Even with tall people in the front seats, the second row has adult legroom and foot-room, but a grab handle at the second-door pillar might help climbing aboard. The center position has a head restraint and the flat floor allows good foot space. Or fold the center seatback for a wide, padded armrest that provides the comfort of captain’s chairs to those in the door-side seats.
The second row has some fore-aft adjustment to make room for people or cargo in the third row. The seats fold and slide easily for access. The back row is raised and has adult-class width and some legroom for those who are flexible.
From the cargo area, the third-row seats fold easily with a tug on the release strap, which also makes it easy to pull the seatbacks into position. There is good grocery space behind the third row, and folding the seats creates a broad flat area.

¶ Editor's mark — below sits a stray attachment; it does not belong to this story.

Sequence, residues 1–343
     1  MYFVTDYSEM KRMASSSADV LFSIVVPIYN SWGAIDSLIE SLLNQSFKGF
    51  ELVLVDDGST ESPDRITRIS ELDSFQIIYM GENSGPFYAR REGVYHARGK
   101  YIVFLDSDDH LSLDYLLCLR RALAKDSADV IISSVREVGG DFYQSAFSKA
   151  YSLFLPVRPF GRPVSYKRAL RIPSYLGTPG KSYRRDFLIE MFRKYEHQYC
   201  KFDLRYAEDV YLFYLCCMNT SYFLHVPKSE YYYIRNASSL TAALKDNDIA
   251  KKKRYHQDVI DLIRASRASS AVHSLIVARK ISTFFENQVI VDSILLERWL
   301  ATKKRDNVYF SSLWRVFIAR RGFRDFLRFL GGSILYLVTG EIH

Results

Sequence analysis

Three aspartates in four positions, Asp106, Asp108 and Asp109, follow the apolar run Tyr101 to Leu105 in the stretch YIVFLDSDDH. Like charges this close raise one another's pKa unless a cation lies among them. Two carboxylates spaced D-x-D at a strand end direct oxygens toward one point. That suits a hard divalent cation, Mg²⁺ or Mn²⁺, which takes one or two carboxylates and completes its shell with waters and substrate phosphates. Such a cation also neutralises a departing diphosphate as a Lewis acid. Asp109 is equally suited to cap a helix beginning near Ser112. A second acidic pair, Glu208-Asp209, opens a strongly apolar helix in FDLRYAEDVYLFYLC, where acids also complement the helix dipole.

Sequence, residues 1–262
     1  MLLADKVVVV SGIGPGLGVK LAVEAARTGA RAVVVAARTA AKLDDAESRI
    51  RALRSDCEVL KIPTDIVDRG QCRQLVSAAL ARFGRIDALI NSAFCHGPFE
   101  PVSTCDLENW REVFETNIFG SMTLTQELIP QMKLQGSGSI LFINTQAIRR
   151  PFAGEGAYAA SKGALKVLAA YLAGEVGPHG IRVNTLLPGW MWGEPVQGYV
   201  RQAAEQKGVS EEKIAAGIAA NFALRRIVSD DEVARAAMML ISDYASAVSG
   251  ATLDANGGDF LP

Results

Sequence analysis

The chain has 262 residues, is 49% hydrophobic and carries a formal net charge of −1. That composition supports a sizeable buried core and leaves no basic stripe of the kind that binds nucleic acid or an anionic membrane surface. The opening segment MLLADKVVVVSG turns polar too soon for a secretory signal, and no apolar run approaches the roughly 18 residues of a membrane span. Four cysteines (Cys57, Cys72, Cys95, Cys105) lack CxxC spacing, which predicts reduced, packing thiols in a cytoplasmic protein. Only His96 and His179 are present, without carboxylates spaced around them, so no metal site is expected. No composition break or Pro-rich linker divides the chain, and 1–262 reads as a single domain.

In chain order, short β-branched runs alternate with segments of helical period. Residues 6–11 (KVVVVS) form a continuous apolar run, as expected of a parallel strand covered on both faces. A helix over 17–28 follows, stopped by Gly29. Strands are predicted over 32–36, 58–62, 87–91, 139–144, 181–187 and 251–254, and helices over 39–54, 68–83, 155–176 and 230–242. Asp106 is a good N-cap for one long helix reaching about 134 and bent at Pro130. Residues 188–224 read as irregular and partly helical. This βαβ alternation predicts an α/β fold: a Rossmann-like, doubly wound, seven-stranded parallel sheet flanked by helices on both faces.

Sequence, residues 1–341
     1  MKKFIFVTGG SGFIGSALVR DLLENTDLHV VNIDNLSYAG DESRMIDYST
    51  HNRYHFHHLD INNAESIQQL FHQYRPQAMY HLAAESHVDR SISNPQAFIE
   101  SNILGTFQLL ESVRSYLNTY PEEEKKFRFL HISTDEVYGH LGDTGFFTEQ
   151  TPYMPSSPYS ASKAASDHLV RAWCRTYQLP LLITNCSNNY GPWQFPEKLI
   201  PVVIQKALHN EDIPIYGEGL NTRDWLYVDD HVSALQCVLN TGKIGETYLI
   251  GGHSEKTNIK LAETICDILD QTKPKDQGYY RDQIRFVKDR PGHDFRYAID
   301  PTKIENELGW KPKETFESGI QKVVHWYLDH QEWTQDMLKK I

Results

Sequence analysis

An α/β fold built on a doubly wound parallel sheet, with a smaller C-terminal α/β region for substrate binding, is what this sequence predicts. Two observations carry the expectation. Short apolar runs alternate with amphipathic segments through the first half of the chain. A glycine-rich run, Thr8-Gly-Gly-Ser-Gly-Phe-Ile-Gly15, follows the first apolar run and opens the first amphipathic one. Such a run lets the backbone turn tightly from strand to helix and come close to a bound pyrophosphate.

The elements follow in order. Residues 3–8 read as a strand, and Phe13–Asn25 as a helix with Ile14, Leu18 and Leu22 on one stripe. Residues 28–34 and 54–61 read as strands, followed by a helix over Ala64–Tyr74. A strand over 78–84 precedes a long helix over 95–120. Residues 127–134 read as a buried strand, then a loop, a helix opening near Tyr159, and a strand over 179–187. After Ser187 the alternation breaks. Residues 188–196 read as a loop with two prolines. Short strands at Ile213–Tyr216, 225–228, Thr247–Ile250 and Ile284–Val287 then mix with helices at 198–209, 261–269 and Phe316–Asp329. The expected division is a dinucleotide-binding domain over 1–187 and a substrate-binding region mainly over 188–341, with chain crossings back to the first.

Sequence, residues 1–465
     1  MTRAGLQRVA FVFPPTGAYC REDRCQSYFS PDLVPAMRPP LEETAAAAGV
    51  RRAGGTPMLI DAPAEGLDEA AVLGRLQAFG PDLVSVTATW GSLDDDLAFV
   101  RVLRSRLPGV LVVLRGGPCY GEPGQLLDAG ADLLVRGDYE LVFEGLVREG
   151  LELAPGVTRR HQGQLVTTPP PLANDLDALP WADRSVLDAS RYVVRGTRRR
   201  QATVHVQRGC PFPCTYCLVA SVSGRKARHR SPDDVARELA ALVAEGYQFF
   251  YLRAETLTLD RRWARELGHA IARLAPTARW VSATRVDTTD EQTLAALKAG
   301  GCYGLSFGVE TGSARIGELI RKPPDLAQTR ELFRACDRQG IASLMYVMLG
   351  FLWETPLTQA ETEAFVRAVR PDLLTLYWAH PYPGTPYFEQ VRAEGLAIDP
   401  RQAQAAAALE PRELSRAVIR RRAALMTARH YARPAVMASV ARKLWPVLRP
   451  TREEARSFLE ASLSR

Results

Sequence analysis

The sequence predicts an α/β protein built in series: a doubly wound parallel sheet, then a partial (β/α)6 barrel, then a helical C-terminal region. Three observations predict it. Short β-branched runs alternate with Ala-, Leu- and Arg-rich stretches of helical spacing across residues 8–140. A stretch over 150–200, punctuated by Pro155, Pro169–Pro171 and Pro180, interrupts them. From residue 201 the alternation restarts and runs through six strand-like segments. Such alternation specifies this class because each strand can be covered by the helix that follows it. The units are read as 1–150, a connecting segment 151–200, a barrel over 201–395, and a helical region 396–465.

There are several shapes and styling statements for this class of crossover. It is possible to pay more for seven seats, but you don’t get more than what Mazda puts into the CX-9.
2010 Mazda CX-9 Touring
Body style: seven-passenger, front- crossover
Engine: aluminum, 273-horsepower, DOHC V-6
Transmission: six-speed automatic with manual mode
EPA fuel economy estimates: 16 mpg city, 22 highway (15/21 AWD); 87 octane recommended
Cargo space: 17.2 cubic feet to 48.3 third row folded
Front head/leg/shoulder room: 39.6 plus moonroof/40.9/59.4 inches
Second-row head/leg/shoulder room: 39/39.8/58.7 inches
Third-row head/leg/shoulder room: 35.4/32.4/56.9 inches
Length/wheelbase: 200.2/113.2 inches